Prime Minister Stephen Harper’s decision to fill the latest Quebec vacancy on the Supreme Court with a semi-retired Federal Court of Appeal judge who specializes in maritime law has left many lawyers scratching their heads.
“Maritime law is a declining area of practice,” a Montreal litigator pointed out. “It’s a bit weird to me,” agreed a Toronto criminal law expert. “Who is he?” asked a puzzled Federal Court practitioner from Ottawa.
Nadon, 64, is a Université de Sherbrooke civil law graduate who for 19 years practised primarily maritime and transportation law with Montreal’s Fasken Martineau. A well-read, small “c” conservative thinker and fluently bilingual anglophile who did maritime arbitrations in London and New York, he has authored hundreds of judgments in administrative, intellectual property, immigration, aboriginal, tax, corrections, and competition law since his appointment to the Federal Court by the Campbell Conservatives in 1993 (He was recommended for appointment by then-Justice Minister Pierre Blais, who Harper later appointed as chief justice of the Federal Court of Appeal in 2009). In 2001, the Chretien Liberals promoted Justice Nadon to the Court of Appeal, where he opted two years ago for supernumerary (part-time) status.
As a seasoned lawyer, and as a judge with two decades of experience and a preference for curial deference to Parliament that meshes well with Harper’s view, Justice Nadon seems a logical pick for the Conservative government.
But he flew “under the radar” as a possible candidate, said University of Ottawa civil law dean Sébastien Grammond. “I think he is quite clearly a highly competent judge but it’s difficult for me to say more than that.”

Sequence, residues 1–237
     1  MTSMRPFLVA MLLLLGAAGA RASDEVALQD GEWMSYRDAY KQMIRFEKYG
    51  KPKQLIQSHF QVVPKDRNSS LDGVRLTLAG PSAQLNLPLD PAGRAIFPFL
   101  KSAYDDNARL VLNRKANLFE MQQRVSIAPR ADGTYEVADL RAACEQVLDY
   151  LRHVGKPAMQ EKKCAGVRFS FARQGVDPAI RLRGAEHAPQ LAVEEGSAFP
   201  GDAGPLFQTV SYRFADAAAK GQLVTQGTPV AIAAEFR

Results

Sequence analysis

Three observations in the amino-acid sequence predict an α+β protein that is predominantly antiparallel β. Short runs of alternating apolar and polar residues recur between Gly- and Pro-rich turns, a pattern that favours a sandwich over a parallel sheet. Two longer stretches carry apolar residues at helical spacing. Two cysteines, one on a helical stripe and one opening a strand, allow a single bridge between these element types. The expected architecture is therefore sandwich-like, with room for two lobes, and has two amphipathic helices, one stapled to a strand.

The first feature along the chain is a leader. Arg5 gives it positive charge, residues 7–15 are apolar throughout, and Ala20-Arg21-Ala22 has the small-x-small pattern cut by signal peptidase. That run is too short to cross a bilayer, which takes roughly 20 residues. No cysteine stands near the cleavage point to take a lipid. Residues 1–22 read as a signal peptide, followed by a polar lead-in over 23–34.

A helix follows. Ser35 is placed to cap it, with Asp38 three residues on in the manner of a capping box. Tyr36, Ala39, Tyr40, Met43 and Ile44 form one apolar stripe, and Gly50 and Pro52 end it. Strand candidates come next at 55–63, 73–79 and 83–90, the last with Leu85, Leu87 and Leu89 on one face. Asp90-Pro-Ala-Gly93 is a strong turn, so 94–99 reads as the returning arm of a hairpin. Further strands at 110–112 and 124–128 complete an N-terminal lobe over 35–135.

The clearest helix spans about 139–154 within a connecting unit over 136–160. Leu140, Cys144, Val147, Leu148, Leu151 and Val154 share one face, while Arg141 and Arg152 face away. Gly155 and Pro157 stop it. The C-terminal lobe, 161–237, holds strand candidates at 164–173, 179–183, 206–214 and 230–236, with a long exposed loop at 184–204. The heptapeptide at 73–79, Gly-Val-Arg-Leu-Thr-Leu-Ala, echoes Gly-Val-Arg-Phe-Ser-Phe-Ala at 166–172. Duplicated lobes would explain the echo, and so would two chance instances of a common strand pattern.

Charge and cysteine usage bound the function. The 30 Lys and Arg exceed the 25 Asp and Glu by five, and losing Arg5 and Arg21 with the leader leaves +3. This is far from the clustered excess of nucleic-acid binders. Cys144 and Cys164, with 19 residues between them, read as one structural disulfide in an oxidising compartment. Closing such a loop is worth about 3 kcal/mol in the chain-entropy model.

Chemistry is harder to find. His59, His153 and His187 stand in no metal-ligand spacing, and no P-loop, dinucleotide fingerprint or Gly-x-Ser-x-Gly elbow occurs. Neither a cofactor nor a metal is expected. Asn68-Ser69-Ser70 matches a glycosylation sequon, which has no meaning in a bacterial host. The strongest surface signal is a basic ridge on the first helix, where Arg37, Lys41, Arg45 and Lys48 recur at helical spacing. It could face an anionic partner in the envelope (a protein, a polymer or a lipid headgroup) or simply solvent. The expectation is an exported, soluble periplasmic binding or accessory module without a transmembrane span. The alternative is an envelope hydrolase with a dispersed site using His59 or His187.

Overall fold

Justice Nadon’s out-of-the-blue nomination Sept. 30 stunned many in the Quebec legal community and beyond, prompting questions about whether his qualifications were the best available fit for a court needing help with droit civil and criminal law, and whether an Ottawa-based jurist who is not currently in the Quebec bar — and is neither a Quebec Court of Appeal or a Quebec Superior Court judge — is even eligible for one of the three appointments reserved for Quebec under s. 6 of the Supreme Court Act. No Federal Court or Federal Court of Appeal judge has previously occupied a Quebec seat.
(Section 5 of the act says “any person may be appointed a judge who is or has been a judge of a superior court of a province or a barrister or advocate of at least ten years standing at the bar of a province.” But s. 6 goes on to say that “at least three of the judges shall be appointed from among the judges of the Court of Appeal or of the Superior Court of the Province of Quebec or from among the advocates of that Province.”). Read alone on its face, s. 6 appears to exclude judges from the Federal Court and Court of Appeal.
Trying to forestall debate on that novel legal question, the announcement of Justice Nadon’s nomination appended an eight-page legal opinion from former Supreme Court Justice Ian Binnie stating Binnie’s view that a Federal Court judge with 10 years of prior experience as a member of the Quebec bar may be directly appointed to the Supreme Court as a jurist from Quebec. The PMO’s communiqué quotes former Supreme Court Justice Louise Charron, and Canada’s leading constitutional law authority Peter Hogg, agreeing with Binnie that ss. 5 and 6 of the act, read together, permit direct appointments from the Federal Court or Federal Court of Appeal to the Supreme Court’s Quebec spots.